Jump to content
Explodey

Archiving my old AtariST disks

Recommended Posts

Well I got a new cable, thanks to Rod Lightning. Unfortunately I still can't seem to get it working. I went into the bios utility at startup, and I changed an option that had something to do with floppy drives, but I really didn't know what I was doing, so I don't know if I changed the right thing. Also, someone mentioned a red stripe on the cable, but I wasn't sure which way the stripe was supposed to go. Also, ParanoidLittleMan, I'm afraid I don't know what you mean by swapping lines. Ugh... I'm starting to think this all may be over my head. Maybe I'll just take it in to a computer repair shop.

Share this post


Link to post
Share on other sites

Well I got a new cable, thanks to Rod Lightning. Unfortunately I still can't seem to get it working. I went into the bios utility at startup, and I changed an option that had something to do with floppy drives, but I really didn't know what I was doing, so I don't know if I changed the right thing. Also, someone mentioned a red stripe on the cable, but I wasn't sure which way the stripe was supposed to go. Also, ParanoidLittleMan, I'm afraid I don't know what you mean by swapping lines. Ugh... I'm starting to think this all may be over my head. Maybe I'll just take it in to a computer repair shop.

 

The bios option you want will be something like 'enable on board floppy controller' sometimes located in 'integrated peripherals' menu. As for the red stripe, the rule with drive data cables is generally "notch top, red to right side". Hold the floppy drive unit in hand and orient it whichever way has the notch side of the connector on top. Be sure to plug in the ribbon cable with red stripe (pin #1) to the right side. Often times, the circuit board will have a tiny numeral '1' printed at one side of the connector. That also helps. I have plugged them in backwards before and the drive will just spin with a steady light shining. This is a bad thing...but I don't think it fried my drive. Maybe I was lucky because when I flipped the cable over, everything worked! Good luck!

Share this post


Link to post
Share on other sites

Thanks for all your help RodLightning. I'm looking at the floppy drive and I can't figure out which side is the notch side of the connector. It looks to me like both sides have a notch, but I guess I'm not sure what I'm looking for. I'm attaching a picture of the drive. Can you tell from the picture which is the notch side?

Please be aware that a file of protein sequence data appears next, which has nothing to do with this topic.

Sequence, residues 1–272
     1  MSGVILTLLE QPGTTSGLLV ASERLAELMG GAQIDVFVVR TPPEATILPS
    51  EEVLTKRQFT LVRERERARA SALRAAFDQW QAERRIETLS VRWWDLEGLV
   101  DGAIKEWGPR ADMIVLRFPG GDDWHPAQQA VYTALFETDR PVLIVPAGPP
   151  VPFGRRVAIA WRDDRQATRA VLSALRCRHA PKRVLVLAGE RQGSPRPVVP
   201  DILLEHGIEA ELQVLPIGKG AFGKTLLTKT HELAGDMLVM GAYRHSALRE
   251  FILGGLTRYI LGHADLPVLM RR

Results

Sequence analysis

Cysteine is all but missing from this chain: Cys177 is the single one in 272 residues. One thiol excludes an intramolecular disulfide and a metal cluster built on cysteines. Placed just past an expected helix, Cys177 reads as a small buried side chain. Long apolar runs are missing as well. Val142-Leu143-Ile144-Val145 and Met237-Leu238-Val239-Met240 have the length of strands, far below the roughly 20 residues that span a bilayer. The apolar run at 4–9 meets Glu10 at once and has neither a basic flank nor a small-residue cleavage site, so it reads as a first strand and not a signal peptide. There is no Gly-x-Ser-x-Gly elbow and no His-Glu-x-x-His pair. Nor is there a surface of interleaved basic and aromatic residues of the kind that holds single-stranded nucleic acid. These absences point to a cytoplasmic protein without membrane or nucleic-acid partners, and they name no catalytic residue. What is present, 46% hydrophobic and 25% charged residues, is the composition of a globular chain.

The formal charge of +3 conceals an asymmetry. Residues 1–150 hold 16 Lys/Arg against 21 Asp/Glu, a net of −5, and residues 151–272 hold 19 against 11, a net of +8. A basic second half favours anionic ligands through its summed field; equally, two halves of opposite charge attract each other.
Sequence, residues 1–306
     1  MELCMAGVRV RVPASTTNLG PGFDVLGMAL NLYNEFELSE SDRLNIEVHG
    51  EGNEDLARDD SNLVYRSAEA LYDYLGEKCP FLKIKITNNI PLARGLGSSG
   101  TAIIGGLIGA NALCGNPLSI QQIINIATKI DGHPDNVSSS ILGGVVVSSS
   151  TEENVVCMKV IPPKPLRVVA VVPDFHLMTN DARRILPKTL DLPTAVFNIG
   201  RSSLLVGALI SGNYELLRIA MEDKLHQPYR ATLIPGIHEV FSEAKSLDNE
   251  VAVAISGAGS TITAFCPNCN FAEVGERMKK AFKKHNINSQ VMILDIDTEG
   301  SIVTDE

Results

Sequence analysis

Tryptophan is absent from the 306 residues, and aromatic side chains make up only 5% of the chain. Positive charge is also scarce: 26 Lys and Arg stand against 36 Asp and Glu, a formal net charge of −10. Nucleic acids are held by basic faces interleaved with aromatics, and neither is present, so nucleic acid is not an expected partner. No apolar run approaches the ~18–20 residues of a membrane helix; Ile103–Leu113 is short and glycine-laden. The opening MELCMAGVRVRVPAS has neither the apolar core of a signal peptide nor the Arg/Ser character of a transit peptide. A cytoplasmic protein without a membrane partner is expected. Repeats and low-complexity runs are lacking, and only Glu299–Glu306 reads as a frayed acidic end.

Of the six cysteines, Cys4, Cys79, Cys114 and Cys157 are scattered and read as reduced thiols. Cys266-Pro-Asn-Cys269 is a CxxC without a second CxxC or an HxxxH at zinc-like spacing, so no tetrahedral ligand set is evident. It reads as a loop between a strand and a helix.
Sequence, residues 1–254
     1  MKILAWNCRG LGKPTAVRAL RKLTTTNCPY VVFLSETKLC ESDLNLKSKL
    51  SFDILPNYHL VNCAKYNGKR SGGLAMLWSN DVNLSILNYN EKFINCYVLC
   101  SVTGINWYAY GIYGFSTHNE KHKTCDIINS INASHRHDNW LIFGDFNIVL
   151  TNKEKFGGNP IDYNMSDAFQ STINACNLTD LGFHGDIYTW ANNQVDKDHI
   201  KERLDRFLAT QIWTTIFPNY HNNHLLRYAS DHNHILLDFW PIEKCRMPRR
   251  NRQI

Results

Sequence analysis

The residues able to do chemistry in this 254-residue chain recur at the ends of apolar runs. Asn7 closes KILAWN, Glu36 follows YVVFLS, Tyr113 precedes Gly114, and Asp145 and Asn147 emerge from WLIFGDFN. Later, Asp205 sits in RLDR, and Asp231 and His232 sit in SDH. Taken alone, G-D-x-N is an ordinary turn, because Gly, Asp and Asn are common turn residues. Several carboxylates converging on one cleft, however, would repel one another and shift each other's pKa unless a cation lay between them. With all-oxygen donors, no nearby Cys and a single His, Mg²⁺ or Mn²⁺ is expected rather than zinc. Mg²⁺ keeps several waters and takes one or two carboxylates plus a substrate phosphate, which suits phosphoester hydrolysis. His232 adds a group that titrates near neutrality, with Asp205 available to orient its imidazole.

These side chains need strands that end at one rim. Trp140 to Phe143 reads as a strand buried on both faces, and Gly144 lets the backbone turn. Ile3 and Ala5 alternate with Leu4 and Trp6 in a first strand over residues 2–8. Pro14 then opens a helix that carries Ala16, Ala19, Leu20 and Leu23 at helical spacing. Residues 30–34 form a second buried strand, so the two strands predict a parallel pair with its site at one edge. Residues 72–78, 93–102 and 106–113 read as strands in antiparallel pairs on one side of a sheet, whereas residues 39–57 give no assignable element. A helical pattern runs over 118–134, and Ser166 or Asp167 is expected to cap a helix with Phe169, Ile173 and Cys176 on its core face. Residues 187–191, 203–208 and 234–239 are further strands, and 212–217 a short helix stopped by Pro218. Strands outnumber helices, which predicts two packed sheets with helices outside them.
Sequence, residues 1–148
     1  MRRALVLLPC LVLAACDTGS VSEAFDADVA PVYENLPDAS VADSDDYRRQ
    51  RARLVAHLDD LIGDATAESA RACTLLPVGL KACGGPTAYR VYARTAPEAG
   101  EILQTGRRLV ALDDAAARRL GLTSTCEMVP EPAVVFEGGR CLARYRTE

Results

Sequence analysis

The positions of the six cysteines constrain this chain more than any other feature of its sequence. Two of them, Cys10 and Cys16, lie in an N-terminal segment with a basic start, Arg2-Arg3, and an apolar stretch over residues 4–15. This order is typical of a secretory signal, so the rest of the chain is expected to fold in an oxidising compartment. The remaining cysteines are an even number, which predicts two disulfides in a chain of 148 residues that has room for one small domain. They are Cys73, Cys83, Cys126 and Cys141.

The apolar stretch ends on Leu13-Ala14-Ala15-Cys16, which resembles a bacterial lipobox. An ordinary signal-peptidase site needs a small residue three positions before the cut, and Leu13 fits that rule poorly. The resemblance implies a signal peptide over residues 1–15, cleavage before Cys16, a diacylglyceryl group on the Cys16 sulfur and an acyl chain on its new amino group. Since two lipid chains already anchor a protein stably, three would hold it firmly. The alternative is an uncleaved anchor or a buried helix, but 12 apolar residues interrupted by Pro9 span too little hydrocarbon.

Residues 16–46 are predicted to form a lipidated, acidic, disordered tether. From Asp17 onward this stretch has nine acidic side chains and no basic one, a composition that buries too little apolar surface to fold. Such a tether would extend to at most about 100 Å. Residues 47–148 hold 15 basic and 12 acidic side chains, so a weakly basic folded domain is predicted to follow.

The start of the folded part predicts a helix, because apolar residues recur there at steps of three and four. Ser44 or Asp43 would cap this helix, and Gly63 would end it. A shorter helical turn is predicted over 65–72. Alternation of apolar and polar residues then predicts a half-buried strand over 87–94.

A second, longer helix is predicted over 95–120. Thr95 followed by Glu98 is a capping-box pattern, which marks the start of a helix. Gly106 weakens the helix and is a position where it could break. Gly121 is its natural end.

post-35607-0-33531300-1371603656_thumb.jpg

Share this post


Link to post
Share on other sites

Pin 3 is so called key pin - what means that is missing by many drives. And it is your case, obviously. So, now you know where is pin 1 :)

To say it again: on cable line 1 is marked with red usually (may be blue sometime) .

Share this post


Link to post
Share on other sites

Pin 3 is so called key pin - what means that is missing by many drives. And it is your case, obviously. So, now you know where is pin 1 :)

To say it again: on cable line 1 is marked with red usually (may be blue sometime) .

 

Your connector does appear to have notches on both sides! As quoted above, the missing pin shows which side is pin one. The red stripe should be on that side. :)

post-15209-0-83131900-1371941882_thumb.jpg

Share this post


Link to post
Share on other sites

Great, thanks guys. One more question: How do I find pin 1 on the motherboard? I don't see a numeral "1" on it, but there is one notch, so I assume I just go with the "notch top, red to right side" rule, right? Here's a picture. Thanks again.

post-35607-0-00729600-1372371344_thumb.jpg

Share this post


Link to post
Share on other sites

Okay, I think there must be something wrong with the floppy drive I got on eBay. I'm sure it's connected properly now, and I went into that Bios menu, and it turned out that "Enable on board FDD controller" option was already on. But my PC is still not recognizing the drive, and the light on the drive doesn't even come on. Does anyone have a floppy drive they'd like to sell me? If not, I think I'll see if someone can help me at a computer shop.

Share this post


Link to post
Share on other sites

Yes, the twisted end is connected to the drive, and the power cable is connected. I heard that it's possible to connect the power cable backwards, but it would only go in one way, so I'm pretty sure it's connected properly.

Share this post


Link to post
Share on other sites

Make sure the BIOS says "1.44MB Floppy Drive" as disk A on the main screen, usually the same page where you set the time and date. Sometimes it can be disabled there as well. Some PCs have options to enable the FDD or floppy controller, plus the other spot on the main page to select which floppies are attached...Disk A, Disk B. There might also be a third place to select boot order or enable boot from a floppy disk (not critical to access floppy disks, but just to allow booting from a floppy).

 

If all else fails, you might consider finding a small shop where they can test your floppy drive, cable, and maybe the pc if necessary. Before spending more money on hardware, you need to figure out why the floppy is not showing up when the computer is on and operating. It might be something simple that we aren't seeing via forums.

Share this post


Link to post
Share on other sites

Wow.. it's been almost two years since I started this topic, and here I am, still posting to it! Time certainly does fly. I wonder if the people who were helping me before are still around. I guess I'll find out.